The U.S. Envoy in Kenya has called for the removal of the nation's chief justice and attorney general as the country steps up its fight against corruption.
Kenya's Daily Nation is reporting that American Ambassador Michael Ranneberger has called for sweeping changes to Kenya's justice system on Monday.
Speaking at a development forum in the Kenyan capital, Nairobi, Ranneberger called for the east African nation to replace its top judge and lawyer.
Ranneberger told the crowd that removing Attorney General Amos Wako and Justice Evan Gicheru were important steps eradicating a "culture of impunity." The U.S. envoy said that ensuring political stability and good governance would be critical for Kenya to attract foreign investment.
In attendance at the forum was Kenyan Prime Minister Raila Odinga. Seated with Mr. Odinga was Cabinet Minister Charity Ngilu, who is facing corruption allegations and calls for her resignation.
Ambassador Ranneberger has been an outspoken critic of Kenya's notoriously ubiquitous corruption. It is not the first time he has called for a more independent judiciary. Speaking in late September, the envoy urged Kenyan officials to carefully select a new chief justice.
"The new chief justice is going to be one of the most important positions in the country," he said. "It is critically important that a person of the highest competence, of independence and of good repute be put in that position. I do not want to rule anyone out or in, but clearly their needs to be a selection process that is transparent. And where the best possible person is chosen; a person who will truly strive to make the judiciary corruption free and independent."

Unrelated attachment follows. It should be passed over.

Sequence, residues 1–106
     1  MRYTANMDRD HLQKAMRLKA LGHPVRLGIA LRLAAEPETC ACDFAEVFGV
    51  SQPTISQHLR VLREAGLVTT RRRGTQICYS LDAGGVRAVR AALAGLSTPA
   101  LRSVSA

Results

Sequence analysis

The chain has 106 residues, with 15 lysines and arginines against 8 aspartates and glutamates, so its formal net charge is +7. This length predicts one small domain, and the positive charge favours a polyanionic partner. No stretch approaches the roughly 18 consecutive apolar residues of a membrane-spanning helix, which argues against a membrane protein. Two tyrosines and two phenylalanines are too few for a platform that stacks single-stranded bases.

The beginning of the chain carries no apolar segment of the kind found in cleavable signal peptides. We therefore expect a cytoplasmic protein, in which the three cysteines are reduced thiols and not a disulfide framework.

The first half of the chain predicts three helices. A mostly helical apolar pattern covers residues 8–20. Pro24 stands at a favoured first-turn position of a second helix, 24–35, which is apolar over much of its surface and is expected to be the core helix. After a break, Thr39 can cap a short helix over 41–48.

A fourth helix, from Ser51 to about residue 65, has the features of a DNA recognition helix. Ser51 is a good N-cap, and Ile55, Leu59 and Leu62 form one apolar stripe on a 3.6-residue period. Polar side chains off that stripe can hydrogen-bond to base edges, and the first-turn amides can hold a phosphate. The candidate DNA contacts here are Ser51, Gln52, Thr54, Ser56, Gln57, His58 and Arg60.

As part of Kenya's transition to its new constitution, the country must install a new Chief Justice by February 2011. The Attorney General must also be replaced by August of next year. Wako was originally appointed by former President Daniel arap Moi and has been the attorney general for nearly 20 years.
During his tenure Wako has overseen the infamous Goldenberg scandal - in which the Kenyan government illegally subsidized non-existent gold exports from the company Goldenberg International. The debacle has cost Kenya an estimated $76 million.
While Ambassador Ranneberger has previously called for strict vetting for future Justice and Attorney General appointments, this is the first time he has called for the two officials to step down.
The envoy recently made headlines by announcing that three senior members of government, as well as a prominent businessman, had been handed a U.S. travel ban for their alleged involvement in narcotics trafficking. Speaking just two weeks ago, Ranneberger said the illicit trade was a very serious problem which was made possible by the country's rampant corruption and "culture of impunity."